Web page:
The work of Samuel Green, A Biblical and Theological Dictionary, first appearing in London (1840), continued to be republished for more than a quarter of a cent. The ed. of 1868 was said to be the twenty-eighth ed. A two-volume work was issued in London by William Goodhugh (1799-1842), a work of 1444 pages, with the title, The Bible Cyclopedia, or Illustrations of the Civil and Natural History of the Sacred Writings by Reference to the Manners, Customs, Rites, Traditions, Antiquities, and Literature of Eastern Nations.

Beginning in 1844 a number of dictionaries appeared in rapid succession. Samuel Dunn edited A Dictionary of the Gospels with Maps, etc., fourth ed., London (1846). John Beard (1800-1876) wrote The People’s Dictionary of the Bible, London (1847 and 1861). In 1847 John P. Lawson produced a three-volume work entitled: The Bible Cyclopedia Containing the Biography, Geography, and Natural History of the Holy Scriptures. The first volume was devoted to biography. In 1869 he collaborated with John N. Wilson on a two-volume work entitled A Cyclopedia of Biblical Geography, Biography, Natural History, and General Knowledge. The Bibliography which covers eighteen columns was the most extensive list of titles available in its time. The same two men later published in Edinburgh The Imperial Encyclopedia of Biblical Knowledge in 1873.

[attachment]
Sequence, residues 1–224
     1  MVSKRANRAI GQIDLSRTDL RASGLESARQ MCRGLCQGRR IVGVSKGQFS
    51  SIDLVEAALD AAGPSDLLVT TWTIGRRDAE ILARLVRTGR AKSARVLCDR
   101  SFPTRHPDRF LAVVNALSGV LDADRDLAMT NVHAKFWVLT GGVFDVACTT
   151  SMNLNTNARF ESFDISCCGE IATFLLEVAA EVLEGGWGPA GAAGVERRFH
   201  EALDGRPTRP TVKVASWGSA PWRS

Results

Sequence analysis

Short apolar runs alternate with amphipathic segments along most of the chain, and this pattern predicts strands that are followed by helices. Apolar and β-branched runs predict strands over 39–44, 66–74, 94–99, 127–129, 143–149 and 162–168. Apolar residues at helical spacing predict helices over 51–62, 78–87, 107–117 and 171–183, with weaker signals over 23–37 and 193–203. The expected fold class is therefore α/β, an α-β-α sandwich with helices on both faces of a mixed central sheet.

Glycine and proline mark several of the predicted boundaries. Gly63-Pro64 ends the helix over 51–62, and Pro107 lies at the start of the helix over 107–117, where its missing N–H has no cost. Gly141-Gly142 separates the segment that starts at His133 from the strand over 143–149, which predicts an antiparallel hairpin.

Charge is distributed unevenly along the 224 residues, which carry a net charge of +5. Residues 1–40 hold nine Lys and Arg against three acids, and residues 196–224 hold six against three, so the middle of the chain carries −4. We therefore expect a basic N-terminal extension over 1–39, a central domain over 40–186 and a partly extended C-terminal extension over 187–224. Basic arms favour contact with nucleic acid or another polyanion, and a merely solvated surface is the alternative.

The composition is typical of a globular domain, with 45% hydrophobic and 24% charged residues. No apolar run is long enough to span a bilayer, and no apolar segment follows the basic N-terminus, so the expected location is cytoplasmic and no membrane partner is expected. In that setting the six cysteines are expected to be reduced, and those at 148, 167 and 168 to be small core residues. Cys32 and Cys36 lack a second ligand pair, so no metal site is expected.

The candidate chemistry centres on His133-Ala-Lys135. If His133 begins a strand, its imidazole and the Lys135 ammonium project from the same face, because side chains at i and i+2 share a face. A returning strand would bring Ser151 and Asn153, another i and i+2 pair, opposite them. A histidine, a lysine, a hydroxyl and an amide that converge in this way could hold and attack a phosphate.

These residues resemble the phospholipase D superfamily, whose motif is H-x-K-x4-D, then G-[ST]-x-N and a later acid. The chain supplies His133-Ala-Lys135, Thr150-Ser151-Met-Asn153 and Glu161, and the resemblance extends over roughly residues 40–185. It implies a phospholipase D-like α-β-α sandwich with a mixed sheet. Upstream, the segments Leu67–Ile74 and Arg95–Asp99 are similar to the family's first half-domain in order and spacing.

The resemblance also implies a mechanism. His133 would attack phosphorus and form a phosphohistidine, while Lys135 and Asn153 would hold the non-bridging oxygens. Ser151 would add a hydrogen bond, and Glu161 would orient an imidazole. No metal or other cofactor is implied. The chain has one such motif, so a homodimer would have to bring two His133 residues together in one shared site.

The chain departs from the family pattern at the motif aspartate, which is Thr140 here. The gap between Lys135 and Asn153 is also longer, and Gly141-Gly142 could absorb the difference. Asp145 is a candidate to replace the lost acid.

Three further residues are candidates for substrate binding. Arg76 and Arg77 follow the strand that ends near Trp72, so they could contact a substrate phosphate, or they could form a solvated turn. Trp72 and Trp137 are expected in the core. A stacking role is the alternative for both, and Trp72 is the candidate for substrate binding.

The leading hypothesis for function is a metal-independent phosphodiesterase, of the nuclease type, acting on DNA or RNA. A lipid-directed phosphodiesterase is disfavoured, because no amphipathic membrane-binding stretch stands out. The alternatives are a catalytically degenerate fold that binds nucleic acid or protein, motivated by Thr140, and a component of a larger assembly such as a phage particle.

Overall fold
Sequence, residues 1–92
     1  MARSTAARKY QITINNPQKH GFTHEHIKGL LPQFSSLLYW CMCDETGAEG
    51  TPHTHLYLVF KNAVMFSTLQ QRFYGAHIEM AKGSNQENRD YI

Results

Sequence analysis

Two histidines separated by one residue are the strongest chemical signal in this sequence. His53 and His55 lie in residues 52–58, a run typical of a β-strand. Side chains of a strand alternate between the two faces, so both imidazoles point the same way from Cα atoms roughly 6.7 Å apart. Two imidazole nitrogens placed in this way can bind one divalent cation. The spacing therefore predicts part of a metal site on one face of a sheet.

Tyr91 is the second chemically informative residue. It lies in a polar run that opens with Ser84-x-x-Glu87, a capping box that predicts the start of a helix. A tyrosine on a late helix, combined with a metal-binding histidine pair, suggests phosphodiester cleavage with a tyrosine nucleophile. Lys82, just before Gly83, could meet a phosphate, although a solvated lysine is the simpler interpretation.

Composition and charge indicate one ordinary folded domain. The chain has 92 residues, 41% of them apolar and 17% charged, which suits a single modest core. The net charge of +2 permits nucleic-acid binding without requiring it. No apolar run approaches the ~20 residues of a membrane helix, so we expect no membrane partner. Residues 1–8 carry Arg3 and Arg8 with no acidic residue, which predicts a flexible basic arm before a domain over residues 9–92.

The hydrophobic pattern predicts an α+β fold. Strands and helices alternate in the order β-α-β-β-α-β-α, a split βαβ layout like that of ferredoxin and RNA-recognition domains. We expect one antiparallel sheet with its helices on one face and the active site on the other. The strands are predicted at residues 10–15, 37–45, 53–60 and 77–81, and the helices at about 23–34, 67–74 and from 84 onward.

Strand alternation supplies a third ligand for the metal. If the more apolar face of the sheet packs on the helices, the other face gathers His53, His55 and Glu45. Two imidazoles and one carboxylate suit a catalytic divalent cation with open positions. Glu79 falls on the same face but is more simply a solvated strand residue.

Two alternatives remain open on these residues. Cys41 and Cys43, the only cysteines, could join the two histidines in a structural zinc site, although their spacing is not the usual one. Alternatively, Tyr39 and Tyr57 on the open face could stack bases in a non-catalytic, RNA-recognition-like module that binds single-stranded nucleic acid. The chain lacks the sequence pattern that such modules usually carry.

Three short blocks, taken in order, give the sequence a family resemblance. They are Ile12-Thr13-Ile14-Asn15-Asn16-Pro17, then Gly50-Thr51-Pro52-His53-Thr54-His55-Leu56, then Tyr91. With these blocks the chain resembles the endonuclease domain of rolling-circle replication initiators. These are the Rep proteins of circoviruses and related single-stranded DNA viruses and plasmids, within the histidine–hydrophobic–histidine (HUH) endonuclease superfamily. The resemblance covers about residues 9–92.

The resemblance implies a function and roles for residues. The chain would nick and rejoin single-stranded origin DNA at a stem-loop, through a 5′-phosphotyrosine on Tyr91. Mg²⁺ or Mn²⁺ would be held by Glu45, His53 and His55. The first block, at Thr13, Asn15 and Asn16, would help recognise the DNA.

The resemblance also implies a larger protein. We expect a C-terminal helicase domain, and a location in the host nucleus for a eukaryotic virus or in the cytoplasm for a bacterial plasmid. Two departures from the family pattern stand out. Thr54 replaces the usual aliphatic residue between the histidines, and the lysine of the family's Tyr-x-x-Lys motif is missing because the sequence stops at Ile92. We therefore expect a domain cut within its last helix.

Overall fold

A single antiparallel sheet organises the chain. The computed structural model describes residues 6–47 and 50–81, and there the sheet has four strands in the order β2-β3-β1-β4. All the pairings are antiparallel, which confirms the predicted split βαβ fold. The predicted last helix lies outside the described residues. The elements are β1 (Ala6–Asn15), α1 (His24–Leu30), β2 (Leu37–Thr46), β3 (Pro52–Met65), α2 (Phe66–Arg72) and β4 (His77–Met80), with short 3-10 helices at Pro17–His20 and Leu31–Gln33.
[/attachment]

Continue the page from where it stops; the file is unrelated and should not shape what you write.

The greatest dictionary of this period was the Cyclopedia of Biblical Knowledge edited by John Kitto (1804-1845). He engaged the help of forty distinguished Biblical scholars, including George Bush, John Eadie, J. Pye Smith, and the German scholars, Hengstenberg and Tholuck. For the first time there appeared in this work authoritative articles on geographical subjects, such as five columns on Baal-gad (Baalbek). Biblical criticism received eleven columns; gnosticism, twelve columns. The third ed. of 1869 was edited by William Lindsay Alexander in three volumes, with the assistance of such scholars as F. W. Farrar, Alexander Geikie, R. S. Pole, Henry Wace and John S. Candlish.

In 1849 John Eadie (1810-1876) produced the most important one-volume Bible Dictionary of its time, The Biblical Cyclopedia, which was revised and reprinted as late as 1901.